I have been thinking about Tuesday’s post on aspartame and diet soda along with David Hunt’s subsequent comments about research studies being “influenced” by what the “higher ups” want to hear.
We don’t disagree, although I may be a tad less cynical. And I’m pretty darned cynical.
On the Trail of Aspartame and MS
Over the years I have wondered about any possible causality between aspartame and diseases, like multiple sclerosis, which seemed to have become unusually prevalent. So I Googled the topic and found the National Multiple Sclerosis Foundation, which states emphatically:
“No scientific evidence supports the claims that aspartame — an artificial sweetener used in many diet soft drinks and other foods — causes MS. More information about aspartame is available through the International Food Information Council Foundation, NutraSweet and U.S. Food and Drug Administration websites.”
That seemed like a pretty strong statement from an organization dedicated to helping MS sufferers so I wanted more information. I’m not going to go to the NutraSweet website for objective data (and I suspect the motives of any organization that would send me there) so I turned to the International Food Information Council Foundation. It’s both a council and a foundation so it would seem reputable (sarcasm alert).
The IFIC Defense
Right at the top of the page is an article that attempts to play down the Framingham Heart Study findings that link aspartame consumption with stroke and dementia. Next, I clicked on About Us and read:
“The International Food Information Council (IFIC) Foundation is dedicated to the mission of effectively communicating science-based information on health, nutrition and food safety for the public good.”
That sounded like corporate happy talk, if innocuous, but I was still curious. So I Googled “Who funds the IFIC?”
Who Does Fund the IFIC?
That took me to SourceWatch from the Center for Media and Democracy. Here was their answer:
“In reality, IFIC is a public relations arm of the food, beverage and agricultural industries, which provide the bulk of its funding. Its staff members hail from industry groups such as the Sugar Association and the National Soft Drink Association, and it has repeatedly led the defense for controversial food additives including monosodium glutamate, aspartame (Nutrasweet), food dyes, and olestra. It also runs the corporate-friendly website, Kidnetic.com, with games and recipes for kids.”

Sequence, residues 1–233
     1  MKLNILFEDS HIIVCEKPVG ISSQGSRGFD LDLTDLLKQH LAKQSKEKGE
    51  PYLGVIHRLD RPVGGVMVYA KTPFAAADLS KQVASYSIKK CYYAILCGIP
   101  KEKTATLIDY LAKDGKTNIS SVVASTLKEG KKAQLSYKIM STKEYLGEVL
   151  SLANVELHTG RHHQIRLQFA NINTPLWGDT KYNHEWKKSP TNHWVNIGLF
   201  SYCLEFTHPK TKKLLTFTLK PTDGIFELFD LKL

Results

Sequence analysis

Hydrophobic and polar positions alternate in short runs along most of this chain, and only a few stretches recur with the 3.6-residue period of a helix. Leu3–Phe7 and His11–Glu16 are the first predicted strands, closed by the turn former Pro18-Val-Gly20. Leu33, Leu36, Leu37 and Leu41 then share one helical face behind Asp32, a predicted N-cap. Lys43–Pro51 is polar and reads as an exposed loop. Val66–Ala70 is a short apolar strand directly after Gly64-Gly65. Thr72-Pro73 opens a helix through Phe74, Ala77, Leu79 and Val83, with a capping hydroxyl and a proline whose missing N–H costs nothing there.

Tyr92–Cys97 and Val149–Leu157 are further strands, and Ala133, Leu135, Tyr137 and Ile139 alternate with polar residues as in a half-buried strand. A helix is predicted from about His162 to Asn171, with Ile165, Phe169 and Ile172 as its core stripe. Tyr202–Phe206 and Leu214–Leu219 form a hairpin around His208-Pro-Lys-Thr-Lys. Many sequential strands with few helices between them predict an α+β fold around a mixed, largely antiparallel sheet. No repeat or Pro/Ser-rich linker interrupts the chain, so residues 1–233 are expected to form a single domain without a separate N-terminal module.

In Search of Objective Data
In other words, the IFIC is not exactly objective in its self-proclaimed “scientific” mission. So I turned to the Center for Science and the Public Interest, a non-profit group that first gained fame by exposing the calories in Chinese food and movie theater popcorn. Their statement on aspartame says:
“Three key studies funded by an independent lab (rather than by a maker of aspartame) found that the sweetener caused lymphomas, leukemias, kidney, and other cancers in rats and mice. That should be reason enough for the Food and Drug Administration to ban aspartame from the food supply, says CSPI. In addition, aspartame might cause headaches or other neurological symptoms in a small number of people. (But don’t believe most of the nonsense about aspartame on the Internet.) The group recommends that consumers avoid it.”
The Michael J. Fox Foundation
Having read the timeline of how aspartame was approved, I put no trust in anything the FDA, compromised long ago, has to say on the subject. But here’s what Sue Wasson of the Michael J. Fox. Foundation for Parkinson’s Research said back in 2013: (I would quote her entire article but it’s too long. I urge you to read it in full.)
“I assure you that Monsanto, the creator of aspartame, knows how deadly it is. They fund the American Diabetes Association, American Dietetic Association, Congress, and the Conference of the American College of Physicians. The New York Times, on November 15, 1996, ran an article on how the American Dietetic Association takes money from the food industry to endorse their products. Therefore, they cannot criticize any additives or tell about their link to Monsanto.”
Her article gives a very good layman’s explanation of how aspartame and NutraSweet work in the body. Also why it’s worse to put NutraSweet into hot coffee or tea,as my mother in law did for years, rather than drinking it cold in diet soda. It’s not pleasant reading but it should tell you everything you need to know.
Knowing is Only Half the Battle
The message is to be very careful who you take information from on this or any dietary issue. Many supposedly independent organizations are just lobbying or PR arms of an industry. In this case, that industry is defending the continued use of a known toxic agent in over 5,000 different food items.
Find out who funds the groups you’re listening to. Their title may sound scientific, authoritative and objective but you have to follow the money to find out what their real motive is.
If knowing is half the battle. The other half involves reading labels and refusing to consume any food item that contains aspartame. Protect your one and only brain from the effects of an artificial poison. No one else will do it for you.
Related Article: Why Drinking Soda is Bad for You